Fame: Hollywood’s greatest, most inspirational bio-pics
PUBLISHED: 09:49 04 November 2018 | UPDATED: 09:49 04 November 2018
Everyone loves an inspirational life story, particularly if it involves drama and redemption. Cinema loves to work its magic on a heroic figure. Arts editor Andrew Clarke nominates some of his favourite bio-pics
With Rami Malek bringing Queen’s Freddie Mercury onto the big screen in larger-than-life fashion in the bio-pic Bohemian Rhapsody, it’s interesting to look at the other famous lives which have been explored and re-examined by the world’s film-makers.
Some personalities like Winston Churchill and Queen Victoria have been dissected several times with films looking at different phases of their lives and different aspects of their personalities.
Hollywood loves a good bio-pic as it offers them a ready-to-serve hero or heroine and, as Bohemian Rhapsody has proved, dramatic license means that you don’t always have to stick to the facts or the chronological order of events.
As the film-maker John Ford said: “If the legend is better than the truth, then print the legend.”
Here are some of greatest bio-pics of all time:
Milos Foreman’s multi-Oscar winning celebration of the life of child protégé Wolfgang Amadeus Mozart. It’s an astounding evocation of the talent and the wild lifestyle of the young Mozart. Tom Hulce excels as the young composer while F. Murray Abraham is suitably jealous and admiring as Emperor Joseph’s court composer Antonio Salieri. He cannot understand why God has favoured such a vulgar boy and consumed by jealousy sets out to exact his revenge on God by murdering Mozart, leaving him as the greatest composer in Austria.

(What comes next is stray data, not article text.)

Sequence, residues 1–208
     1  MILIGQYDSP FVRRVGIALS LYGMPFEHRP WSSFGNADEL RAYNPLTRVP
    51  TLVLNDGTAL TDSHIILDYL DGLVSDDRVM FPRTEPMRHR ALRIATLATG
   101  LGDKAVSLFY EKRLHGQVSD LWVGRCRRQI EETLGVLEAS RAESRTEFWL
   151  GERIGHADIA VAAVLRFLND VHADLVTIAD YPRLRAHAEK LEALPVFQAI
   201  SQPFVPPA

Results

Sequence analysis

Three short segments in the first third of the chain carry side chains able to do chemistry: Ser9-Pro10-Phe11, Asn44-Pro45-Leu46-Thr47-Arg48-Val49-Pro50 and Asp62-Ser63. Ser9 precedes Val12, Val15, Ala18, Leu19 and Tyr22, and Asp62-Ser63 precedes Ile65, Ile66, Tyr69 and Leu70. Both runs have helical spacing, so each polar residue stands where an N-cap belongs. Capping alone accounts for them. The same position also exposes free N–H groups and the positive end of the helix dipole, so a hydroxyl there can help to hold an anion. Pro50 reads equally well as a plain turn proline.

Lawrence of Arabia (1962)
David Lean made a career of setting intimate, personal stories against an epic canvas. Lawrence of Arabia was his masterpiece and it serves both as a bio-pic and an action-adventure blockbuster. The film, written by playwright Robert Bolt, tells the story of T.E. Lawrence, the English officer who was posted to the Middle East during World War I and successfully united and led the diverse, often warring, Arab tribes to fight the Turks.
Young Winston (1972)
Richard Attenborough loved making films about his personal heroes. In Young Winston he assembles a star-studded cast – Simon Ward, Robert Shaw, Anne Bancroft, John Mills and Edward Woodward – to explore the early life of the future British Prime Minister Winston Churchill. The film turns a historical icon into a human being by telling the story of his childhood, his time as a war correspondent in South Africa during the Second Boer War and his election to Parliament.
Catch Me If You Can (2002)